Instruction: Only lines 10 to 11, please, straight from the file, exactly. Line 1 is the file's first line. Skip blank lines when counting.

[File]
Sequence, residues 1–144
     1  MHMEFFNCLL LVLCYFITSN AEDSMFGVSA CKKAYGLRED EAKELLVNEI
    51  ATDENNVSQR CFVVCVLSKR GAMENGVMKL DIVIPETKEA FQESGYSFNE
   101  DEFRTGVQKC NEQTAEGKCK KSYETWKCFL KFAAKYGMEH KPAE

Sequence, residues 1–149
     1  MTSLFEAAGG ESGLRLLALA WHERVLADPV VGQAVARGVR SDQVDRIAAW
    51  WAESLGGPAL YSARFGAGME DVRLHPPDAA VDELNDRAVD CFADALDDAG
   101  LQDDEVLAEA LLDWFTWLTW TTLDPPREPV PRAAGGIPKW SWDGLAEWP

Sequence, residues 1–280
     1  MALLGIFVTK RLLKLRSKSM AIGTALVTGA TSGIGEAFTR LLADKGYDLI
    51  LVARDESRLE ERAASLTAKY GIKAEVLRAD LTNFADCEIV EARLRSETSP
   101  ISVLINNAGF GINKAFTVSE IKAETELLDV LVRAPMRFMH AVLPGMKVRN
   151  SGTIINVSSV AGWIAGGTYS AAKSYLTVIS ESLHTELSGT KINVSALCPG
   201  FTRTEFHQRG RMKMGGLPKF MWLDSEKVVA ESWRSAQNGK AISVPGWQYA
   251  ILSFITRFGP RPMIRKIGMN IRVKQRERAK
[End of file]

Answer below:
     1  MALLGIFVTK RLLKLRSKSM AIGTALVTGA TSGIGEAFTR LLADKGYDLI
    51  LVARDESRLE ERAASLTAKY GIKAEVLRAD LTNFADCEIV EARLRSETSP